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The Best Plants to Buy From Amazon’s (Continuously Growing) Selection

Photo-Illustration: The Strategist; Photos: Retailers

Buying plants online has become an easier (and more curated) experience since we were first introduced to Amazon’s plant store. Whether you’re working from home and looking to spruce up your living/work space, or just live in a concrete jungle and need to see some green, it’s as good a time as any to take up indoor gardening. Hanging plants, succulents, and even herbs can be used to make your home look and feel less sterile, but the benefits don’t stop there. Sharing your space with plants can purify your air, reduce anxiety, and even improve concentration — all welcome antidotes to the stresses of life.

Here, we’ve combed through Amazon’s (continuously growing) selection of indoor plants to find the best in-stock options for plant parents of all gardening levels. We’ve also considered plants that will thrive in many different types of spaces, whether you have high ceilings and lots of light or just a few bare windowsills to fill. Alongside foolproof options like ZZ plants and the always-reliable pothos, there are a few rare and underrated plants to choose from if you’d like to level up your plant parenting while hunkering down over the winter.

Best floor plants

Despite the tropical look of this palm tree, you won’t have to worry about creating a tropical environment for it to survive in. All it needs is bright light from an east- or west-facing window and water about once a week. The seller says it can grow pretty slowly, but when it arrives, it will already be three feet tall — and still make a stately appearance in an empty corner.

Another easy-care tropical option is a dracaena plant, especially if your home gets a decent amount of sunlight year-round but you struggle with dry winter air. That’s according to Rebecca Bullene, partner and co-founder of Greenery Unlimited. “A lot of them are native to Hawaii, and they actually grow on the [very arid] lava fields of volcanoes,” she explains.

The status plant that started it all and is still a best-seller. Former Strategist writer David Notis was once a fiddle-leaf skeptic but quickly found that among his other plants, this one “is an instant visual impact.” The plant grows best in indirect sunlight, meaning it can flourish indoors. Within the first couple of years, Notis’ design-y houseplant grew almost three feet in height.


There are some status-plant runners-up to choose from as well, like the birds-of-paradise, which is perfect for making your apartment look like an East Village cocktail bar. Benito Gonsales, plant buyer at Saifee Hardware & Garden, says the plant is easier to care for than a fiddle-leaf. “Just give it bright light and water it once per week,” he says, adding that you can get it to flower annually “if you take care of it.”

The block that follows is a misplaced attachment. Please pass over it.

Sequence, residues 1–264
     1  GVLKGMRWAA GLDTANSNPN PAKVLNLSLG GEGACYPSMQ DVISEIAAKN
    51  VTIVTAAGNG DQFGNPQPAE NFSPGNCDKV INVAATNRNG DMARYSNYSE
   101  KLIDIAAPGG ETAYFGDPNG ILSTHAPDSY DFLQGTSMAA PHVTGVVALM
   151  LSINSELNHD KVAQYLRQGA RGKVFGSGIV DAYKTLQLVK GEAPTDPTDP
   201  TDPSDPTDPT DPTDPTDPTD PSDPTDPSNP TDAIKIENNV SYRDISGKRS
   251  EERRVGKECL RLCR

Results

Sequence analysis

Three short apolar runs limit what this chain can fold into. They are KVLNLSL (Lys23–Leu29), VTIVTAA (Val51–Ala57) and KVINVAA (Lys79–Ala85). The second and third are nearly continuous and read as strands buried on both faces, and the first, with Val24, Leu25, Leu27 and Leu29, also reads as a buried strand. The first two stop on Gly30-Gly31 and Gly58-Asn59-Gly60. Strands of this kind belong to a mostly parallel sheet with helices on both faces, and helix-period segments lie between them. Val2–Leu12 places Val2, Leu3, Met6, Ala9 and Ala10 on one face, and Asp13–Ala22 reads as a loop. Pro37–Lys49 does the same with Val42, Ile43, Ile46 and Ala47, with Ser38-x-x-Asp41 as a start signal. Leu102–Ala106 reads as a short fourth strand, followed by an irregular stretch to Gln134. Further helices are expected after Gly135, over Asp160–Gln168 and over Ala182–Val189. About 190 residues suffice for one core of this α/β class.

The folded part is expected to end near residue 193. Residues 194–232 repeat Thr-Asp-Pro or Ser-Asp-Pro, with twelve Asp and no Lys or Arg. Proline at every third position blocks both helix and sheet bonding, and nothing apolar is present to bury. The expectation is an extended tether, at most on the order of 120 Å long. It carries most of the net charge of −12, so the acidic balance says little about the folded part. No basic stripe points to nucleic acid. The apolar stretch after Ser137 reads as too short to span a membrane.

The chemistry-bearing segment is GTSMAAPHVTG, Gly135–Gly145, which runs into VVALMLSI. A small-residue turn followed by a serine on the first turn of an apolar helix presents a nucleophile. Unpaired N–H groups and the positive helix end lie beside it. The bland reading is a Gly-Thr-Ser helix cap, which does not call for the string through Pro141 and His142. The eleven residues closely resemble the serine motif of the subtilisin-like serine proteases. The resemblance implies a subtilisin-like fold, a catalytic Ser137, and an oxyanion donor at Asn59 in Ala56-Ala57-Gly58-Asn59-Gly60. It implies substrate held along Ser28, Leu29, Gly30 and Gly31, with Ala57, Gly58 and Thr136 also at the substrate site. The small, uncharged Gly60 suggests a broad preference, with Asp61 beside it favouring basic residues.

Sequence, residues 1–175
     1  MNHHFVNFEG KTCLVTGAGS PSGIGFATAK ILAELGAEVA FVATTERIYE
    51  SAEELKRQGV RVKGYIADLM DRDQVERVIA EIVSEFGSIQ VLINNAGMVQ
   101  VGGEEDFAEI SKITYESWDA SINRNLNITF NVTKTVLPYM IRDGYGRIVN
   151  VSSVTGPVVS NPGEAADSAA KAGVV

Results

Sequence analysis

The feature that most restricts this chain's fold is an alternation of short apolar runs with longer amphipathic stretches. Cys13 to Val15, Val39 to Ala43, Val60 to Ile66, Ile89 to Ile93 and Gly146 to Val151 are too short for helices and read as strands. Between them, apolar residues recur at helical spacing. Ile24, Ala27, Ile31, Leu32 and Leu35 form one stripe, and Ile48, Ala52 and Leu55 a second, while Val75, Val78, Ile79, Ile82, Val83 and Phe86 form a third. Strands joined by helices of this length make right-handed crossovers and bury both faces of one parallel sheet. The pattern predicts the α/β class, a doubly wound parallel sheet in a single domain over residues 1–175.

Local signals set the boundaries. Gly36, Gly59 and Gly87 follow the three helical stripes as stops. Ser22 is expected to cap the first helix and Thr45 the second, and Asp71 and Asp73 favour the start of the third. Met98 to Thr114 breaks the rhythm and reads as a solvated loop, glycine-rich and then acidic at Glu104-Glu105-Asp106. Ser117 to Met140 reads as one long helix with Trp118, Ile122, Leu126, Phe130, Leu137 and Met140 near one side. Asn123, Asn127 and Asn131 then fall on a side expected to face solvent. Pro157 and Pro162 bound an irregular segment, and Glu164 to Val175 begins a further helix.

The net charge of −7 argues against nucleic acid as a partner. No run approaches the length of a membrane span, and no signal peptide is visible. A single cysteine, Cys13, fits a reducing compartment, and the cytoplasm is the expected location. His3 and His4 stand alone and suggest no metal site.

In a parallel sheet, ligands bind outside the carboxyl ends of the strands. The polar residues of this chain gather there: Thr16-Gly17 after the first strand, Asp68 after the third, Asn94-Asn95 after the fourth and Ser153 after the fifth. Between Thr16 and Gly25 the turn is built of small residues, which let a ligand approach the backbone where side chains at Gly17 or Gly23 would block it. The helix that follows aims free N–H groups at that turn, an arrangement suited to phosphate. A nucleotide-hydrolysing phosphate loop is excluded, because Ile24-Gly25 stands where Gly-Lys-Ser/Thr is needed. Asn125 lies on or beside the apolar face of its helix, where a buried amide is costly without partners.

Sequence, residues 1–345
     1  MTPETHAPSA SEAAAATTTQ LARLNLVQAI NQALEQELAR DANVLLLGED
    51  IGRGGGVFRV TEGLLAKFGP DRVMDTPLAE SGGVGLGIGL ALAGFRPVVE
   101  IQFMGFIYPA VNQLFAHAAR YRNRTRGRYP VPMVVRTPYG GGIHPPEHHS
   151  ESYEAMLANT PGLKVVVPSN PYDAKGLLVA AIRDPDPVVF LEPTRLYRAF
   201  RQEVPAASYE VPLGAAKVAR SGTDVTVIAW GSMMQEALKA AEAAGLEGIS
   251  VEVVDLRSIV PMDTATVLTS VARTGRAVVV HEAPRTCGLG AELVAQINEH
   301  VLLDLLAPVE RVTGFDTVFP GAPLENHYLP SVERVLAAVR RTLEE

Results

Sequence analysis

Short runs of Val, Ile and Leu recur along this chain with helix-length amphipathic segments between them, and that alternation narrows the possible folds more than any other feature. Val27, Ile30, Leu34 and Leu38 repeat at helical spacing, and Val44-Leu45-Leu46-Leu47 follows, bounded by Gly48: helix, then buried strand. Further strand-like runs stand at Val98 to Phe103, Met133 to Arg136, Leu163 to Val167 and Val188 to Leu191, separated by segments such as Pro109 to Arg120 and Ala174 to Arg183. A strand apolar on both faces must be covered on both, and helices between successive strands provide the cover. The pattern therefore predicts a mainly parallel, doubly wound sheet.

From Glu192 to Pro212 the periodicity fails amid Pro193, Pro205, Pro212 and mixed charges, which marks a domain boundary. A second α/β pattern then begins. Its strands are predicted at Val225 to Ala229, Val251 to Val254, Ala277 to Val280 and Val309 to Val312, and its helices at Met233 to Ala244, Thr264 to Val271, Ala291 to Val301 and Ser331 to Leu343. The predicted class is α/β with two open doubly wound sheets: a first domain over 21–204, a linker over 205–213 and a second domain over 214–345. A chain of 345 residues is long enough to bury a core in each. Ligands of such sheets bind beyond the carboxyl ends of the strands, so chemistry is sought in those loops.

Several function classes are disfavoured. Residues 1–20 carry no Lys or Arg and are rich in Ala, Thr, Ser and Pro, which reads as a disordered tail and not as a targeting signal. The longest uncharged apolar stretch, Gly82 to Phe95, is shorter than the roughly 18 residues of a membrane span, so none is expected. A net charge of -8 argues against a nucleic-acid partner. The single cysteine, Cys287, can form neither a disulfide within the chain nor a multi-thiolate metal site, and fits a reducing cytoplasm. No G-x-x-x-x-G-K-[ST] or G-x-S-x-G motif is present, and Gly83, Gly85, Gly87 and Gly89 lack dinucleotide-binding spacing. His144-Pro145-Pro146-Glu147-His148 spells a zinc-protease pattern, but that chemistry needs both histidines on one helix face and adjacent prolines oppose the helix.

Visual merchandiser Chikako Ishii Frank first alerted us to the “pink plant” trend, to which the pink-toned Chinese evergreen (a.k.a. Aglaonema) fits right in. It comes recommended by two plantfluencers, including Summer Rayne Oakes, author of How to Make a Plant Love You and host of the YouTube series Plant One on Me, who especially recommends the plant for somewhat-experienced plant parents “who can’t grow flowers in their home, because Aglaonema can really give a nice brightness of color.”

Another pink-toned floor plant is the rubber plant. Upon arrival, the shiny, dark, “burgundy” leaves will be smaller than they look in this photo, but they’ll grow super-tall over time.

And here’s a pretty-in-pink option for plant parents looking to level up their skills: the slightly fussy stromanthe triostar. It resembles a rubber tree but has perkier and more delicate leaves that will move around during the day as light fluctuates. Ryan Lee, co-founder of Rooted NYC, nominates it as one of the most underrated indoor plants.

One of the few houseplants out there to have had its own “day of the week” hashtag on Instagram — “#monsteramondays,” in case you were wondering — the monstera has been on the fiddle-leaf’s tail for years now, and it’s still popular as ever. They can get really big, and they tend to grow out rather than up, so make sure you have a lot of floor space available. The irregularly shaped leaves are part of the charm.

Snake plants make for another great floor plant. They’re very tolerant of low light and infrequent watering, and since they grow straight up, they’re ideal if you want something that doesn’t take up too much air space in your living room. Plus, we’ve said that buying from Amazon is the most convenient and cost-effective way to get this plant.

If you’re after something leafy that thrives in low light but don’t care for the ubiquitous snake plant, a cast-iron plant is a great option. “You can’t kill them,” says Tula Plants & Design CEO and founder Christan Summers. “They have a really elegant leaf shape that I always appreciate in the mix of floppiness.”

Best countertop plants

Of the multiple styles of money plants, this one makes one of the biggest statements. Five Pachira plants are braided into one tree, forming an intricate tangled-root design. It’s a great plant to gift someone, as it’s said to bring wealth, good luck, and fortune. And it doesn’t take much maintenance, either: only a half-cup of water every week.

The quirky-looking ponytail palm is not technically a palm — it’s more closely related to desert plants like yuccas. Either way, its muppetlike fronds will quickly become a focal point on your desk or dining table.